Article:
So yes, you can plan to be there in person, but you also need to have your home studio set up and take responsibility for that technology piece of it. I love the idea of having a certification for clients to be able to book a speaker or a virtual manager, to be able to take that pressure off those organizations, because I think organizations, they’re already under resources pressure so it makes a lot of sense for at least small to medium types of organizations and businesses to outsource that portion of it. I think that’s a really positive thing and I can understand why clients will be going for that. So small to medium size businesses even in the last few years we’ve been getting less and less bookings and holds from people whose title is event coordinator or events department.
There was a lot more of its someone’s PA it’s someone within HR. So, I think that we’d already started to see that as a trend from corporate clients, their events teams are getting squeezed and squeezed. I don’t know that they’re going to want to expand them out. Yes, I would think that it’s a smart investment in any speaker to really get themselves tech savvy. And I love the idea that eSpeakers is going through. They’re a really innovative company and it’s fun to kind of watch them push out and really embrace this whole new platform of events.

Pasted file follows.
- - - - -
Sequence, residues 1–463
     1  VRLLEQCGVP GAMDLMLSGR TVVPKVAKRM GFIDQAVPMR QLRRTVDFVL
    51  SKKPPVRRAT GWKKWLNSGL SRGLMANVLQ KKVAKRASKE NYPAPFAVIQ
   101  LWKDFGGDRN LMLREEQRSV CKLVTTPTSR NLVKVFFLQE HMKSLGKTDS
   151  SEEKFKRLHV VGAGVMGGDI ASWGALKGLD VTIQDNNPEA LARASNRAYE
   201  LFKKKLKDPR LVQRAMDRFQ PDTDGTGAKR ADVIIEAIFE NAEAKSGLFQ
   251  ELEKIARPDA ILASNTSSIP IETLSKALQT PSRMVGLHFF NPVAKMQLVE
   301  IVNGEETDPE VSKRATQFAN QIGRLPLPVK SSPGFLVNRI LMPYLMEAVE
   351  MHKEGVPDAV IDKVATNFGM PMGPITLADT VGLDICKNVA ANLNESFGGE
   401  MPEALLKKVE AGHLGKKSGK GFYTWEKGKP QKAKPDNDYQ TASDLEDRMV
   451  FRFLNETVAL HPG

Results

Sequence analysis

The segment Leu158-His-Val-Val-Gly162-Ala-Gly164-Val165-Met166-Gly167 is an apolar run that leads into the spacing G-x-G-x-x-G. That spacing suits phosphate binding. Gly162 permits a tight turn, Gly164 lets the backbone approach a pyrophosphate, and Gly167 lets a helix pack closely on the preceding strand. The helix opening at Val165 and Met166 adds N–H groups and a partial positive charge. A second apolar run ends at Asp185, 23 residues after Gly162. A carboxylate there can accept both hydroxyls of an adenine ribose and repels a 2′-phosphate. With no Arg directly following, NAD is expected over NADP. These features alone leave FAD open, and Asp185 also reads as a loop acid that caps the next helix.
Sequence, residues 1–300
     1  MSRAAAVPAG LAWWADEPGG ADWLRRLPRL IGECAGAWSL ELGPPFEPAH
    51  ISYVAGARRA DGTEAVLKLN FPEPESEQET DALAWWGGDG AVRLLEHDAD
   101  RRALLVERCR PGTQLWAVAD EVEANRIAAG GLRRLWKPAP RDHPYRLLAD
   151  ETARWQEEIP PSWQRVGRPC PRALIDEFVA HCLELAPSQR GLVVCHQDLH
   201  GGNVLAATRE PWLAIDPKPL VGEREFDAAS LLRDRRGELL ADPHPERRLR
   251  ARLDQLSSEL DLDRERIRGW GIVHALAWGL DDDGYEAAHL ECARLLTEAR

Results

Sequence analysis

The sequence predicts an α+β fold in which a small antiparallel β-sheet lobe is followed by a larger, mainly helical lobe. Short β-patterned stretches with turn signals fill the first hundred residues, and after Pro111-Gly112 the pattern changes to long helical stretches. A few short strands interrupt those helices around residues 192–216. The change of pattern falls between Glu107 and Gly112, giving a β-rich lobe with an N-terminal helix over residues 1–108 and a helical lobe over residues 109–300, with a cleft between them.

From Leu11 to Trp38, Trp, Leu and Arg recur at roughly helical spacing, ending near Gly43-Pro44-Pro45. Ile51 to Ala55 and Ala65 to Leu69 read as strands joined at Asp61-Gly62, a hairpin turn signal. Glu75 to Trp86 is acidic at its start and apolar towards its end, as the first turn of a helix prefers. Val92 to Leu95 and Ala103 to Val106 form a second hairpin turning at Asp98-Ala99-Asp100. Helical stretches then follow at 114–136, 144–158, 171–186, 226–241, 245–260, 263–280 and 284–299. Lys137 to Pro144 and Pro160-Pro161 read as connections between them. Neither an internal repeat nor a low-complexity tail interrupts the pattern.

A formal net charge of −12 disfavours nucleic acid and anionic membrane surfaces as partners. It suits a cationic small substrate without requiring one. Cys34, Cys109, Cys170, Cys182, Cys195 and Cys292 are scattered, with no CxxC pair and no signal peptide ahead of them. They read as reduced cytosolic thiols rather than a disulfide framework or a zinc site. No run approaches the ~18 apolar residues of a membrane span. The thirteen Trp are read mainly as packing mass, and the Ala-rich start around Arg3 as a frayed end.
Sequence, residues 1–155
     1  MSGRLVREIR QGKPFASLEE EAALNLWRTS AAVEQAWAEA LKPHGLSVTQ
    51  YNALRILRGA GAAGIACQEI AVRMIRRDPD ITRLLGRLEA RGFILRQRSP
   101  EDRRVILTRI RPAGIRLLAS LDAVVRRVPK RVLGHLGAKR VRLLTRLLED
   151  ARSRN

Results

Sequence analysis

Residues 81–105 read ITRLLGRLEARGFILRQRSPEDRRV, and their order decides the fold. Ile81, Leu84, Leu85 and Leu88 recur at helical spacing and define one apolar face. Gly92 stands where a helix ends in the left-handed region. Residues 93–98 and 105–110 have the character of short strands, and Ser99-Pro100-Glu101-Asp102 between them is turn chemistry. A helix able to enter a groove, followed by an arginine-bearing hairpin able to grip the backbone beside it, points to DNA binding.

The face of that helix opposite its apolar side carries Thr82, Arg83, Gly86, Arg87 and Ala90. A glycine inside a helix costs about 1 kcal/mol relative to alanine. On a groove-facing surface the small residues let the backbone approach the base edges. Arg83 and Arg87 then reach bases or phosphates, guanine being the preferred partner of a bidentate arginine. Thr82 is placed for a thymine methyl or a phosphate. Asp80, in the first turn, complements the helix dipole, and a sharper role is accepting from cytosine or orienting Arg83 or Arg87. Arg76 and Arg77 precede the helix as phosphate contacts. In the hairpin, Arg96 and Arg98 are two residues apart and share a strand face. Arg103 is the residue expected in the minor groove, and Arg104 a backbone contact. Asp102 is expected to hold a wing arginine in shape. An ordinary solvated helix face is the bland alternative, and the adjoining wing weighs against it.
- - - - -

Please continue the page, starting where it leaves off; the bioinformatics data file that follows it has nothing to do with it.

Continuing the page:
Austin: For sure. Shout out to Dave and Joe over at eSpeakers.
Annette: Indeed, they do incredible work. They’re definitely part of the lifeblood of the industry.
Taylorr: Sure. So, I’m curious, just kind of on the, on the subject, certifications the event hosts the virtually certified and so on, but of course with this has come the conversation about assets, marketing collateral that people need now to designate and show their clients that, hey, I can do this thing for you. What are some of the assets that speakers need now more than ever to get booked?
Annette: That’s a great question. And I think that my answer to that comes from the experience of being in the Bureau world last summer. Because last summer, the main chatter within IASB was who can actually really land an audience and deliver in this virtual setting because some of their go-to speakers, while they’re incredible in stage, it took a very different skillset to be able to present virtually and some people hadn’t pivoted quite quickly to presenting in a virtual setting. The chatter within the industry is like, who’s killing it right now? Who can we actually push out there to be able to land clients? Because from the Bureau side, they really want to make sure that their clients are getting value for money, that they feel like when they get a contract to bring in a speaker that that’s money well spent and then getting an ROI on it.